City Council kills recreational-marijuana vote

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It's frustrating to watch some on Colorado Springs City Council attempt to govern. Councilor Val Snider berates Council President Keith King; Keith King dumps a load of paperwork the public has never seen on Council; and the rest of Council, at any given time, mostly acts confused about whatever its supposed to do next. (The strained patience, and sometimes not-so-patience, of city staff is a wonder to behold.)

But it's past frustrating, and straight on to terrifying, that from that tangled mess must emerge legally binding decisions that affect the lives of people far less confused than City Council. And it is thus with recreational marijuana, an issue which a majority of Council voted Tuesday, 6 to 3, to deny voters the chance to decide for themselves. Councilwomen Jan Martin, Jill Gaebler and Helen Collins were your only supporters.

Beforehand, Councilor Don Knight was confused about which version of the ordinance Gaebler was pushing, while King seemed baffled at what city staff was telling him about needing more time for marijuana revenue projections. (Watch for yourself — click "12.I" on the index.)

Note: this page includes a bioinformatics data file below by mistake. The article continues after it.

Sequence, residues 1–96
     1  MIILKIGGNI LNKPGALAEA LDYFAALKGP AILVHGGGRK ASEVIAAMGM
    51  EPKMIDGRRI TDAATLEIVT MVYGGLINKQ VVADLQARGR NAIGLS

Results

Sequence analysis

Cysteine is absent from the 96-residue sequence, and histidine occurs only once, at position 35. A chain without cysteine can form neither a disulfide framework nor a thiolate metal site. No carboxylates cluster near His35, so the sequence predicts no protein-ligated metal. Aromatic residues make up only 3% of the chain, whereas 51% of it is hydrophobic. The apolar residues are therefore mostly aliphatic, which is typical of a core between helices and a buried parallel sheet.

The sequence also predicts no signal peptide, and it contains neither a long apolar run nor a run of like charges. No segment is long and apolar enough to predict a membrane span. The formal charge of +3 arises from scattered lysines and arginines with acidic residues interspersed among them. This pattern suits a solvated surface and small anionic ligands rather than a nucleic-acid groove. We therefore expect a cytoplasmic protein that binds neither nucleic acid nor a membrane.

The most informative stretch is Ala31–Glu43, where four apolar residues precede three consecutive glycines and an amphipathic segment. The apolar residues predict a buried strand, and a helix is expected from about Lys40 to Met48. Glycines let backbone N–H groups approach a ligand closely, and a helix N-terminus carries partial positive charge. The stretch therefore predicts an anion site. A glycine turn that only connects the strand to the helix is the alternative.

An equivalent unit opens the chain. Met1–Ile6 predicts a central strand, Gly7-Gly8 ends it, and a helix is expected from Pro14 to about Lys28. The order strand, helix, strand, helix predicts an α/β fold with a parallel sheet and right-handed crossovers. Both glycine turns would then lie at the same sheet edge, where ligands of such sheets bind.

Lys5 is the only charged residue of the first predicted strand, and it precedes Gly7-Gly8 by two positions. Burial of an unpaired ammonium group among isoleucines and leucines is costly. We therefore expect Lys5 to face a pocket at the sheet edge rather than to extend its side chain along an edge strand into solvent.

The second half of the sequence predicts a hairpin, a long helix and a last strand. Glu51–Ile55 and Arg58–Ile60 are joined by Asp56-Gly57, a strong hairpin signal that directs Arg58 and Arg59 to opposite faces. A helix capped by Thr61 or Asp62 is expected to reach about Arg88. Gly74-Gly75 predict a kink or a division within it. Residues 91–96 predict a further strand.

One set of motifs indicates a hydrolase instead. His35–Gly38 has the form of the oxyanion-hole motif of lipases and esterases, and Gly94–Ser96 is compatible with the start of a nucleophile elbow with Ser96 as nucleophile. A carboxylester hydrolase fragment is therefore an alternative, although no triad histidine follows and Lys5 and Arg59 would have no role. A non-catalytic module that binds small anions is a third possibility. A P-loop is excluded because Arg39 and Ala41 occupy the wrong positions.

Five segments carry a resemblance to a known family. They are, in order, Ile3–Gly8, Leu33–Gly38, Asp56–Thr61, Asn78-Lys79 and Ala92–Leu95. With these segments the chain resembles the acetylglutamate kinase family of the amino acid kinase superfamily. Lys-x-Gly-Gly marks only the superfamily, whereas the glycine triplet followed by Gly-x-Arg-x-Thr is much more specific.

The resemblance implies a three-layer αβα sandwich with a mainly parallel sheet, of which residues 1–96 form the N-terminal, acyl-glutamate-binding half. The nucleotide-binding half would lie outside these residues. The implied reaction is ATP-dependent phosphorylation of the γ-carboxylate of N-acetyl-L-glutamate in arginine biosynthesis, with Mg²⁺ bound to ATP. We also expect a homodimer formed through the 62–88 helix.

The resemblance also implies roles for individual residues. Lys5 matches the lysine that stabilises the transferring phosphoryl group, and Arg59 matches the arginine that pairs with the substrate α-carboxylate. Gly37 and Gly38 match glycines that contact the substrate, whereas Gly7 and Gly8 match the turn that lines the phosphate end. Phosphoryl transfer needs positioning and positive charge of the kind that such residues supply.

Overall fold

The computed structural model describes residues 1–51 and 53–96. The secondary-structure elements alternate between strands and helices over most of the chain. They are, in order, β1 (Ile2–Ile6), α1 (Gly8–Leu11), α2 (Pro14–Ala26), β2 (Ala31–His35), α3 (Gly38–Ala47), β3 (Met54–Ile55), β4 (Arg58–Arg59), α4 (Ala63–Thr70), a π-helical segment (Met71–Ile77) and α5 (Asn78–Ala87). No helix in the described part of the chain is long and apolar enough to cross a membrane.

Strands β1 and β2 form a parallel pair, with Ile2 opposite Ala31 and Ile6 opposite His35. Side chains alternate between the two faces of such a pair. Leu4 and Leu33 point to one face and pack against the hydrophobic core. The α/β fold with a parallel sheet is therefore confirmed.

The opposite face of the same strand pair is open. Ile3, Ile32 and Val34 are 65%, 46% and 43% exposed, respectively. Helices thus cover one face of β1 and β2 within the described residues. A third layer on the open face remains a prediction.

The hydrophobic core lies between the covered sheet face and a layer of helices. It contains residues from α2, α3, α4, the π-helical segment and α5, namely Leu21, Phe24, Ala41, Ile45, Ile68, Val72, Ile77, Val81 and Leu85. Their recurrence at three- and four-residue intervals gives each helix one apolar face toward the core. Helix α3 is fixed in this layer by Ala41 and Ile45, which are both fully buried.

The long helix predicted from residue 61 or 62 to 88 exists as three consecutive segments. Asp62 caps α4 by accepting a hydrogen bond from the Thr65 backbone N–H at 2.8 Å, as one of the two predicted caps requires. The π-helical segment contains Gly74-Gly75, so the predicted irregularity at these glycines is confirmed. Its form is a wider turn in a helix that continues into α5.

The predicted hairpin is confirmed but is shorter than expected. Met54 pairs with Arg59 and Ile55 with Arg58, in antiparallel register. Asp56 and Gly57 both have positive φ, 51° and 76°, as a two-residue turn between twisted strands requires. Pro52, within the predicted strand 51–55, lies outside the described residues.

But then, to his credit, King was the only one to actually state in that meeting why he opposed sending the question to the voters, which was because the ordinance was not made dependent on the passage of an adjoining tax question:

"OK, well, let me say what concerns me: I did a lot of research on this issue last night, and again in working very hard with, called [Colorado Municipal League] and did a lot of issues to try and see whether or not these questions can be coupled or not," he said. "What part of my discussion was going to be — I think they can be coupled and I think we have evidence that we found through CML, and talking to Kevin Balmer, that these issues could be coupled and they could be coupled together. ... And, so, I plainly said that I would support this if it was taxed like alcohol, if it was kept a safe distance; I have no guarantee that it’s going to go forward, so I will not be supporting this."

So, there you go: Merv Bennett, Joel Miller, Andy Pico, Knight and Snider said nothing, and then voted you down. Nice try, you 54.7 percent of Colorado Springs voters who supported Amendment 64.

Meanwhile, as we reported this week in CannaBiz, Palmer Lake is far less petrified by its electorate and will see two related questions in November.

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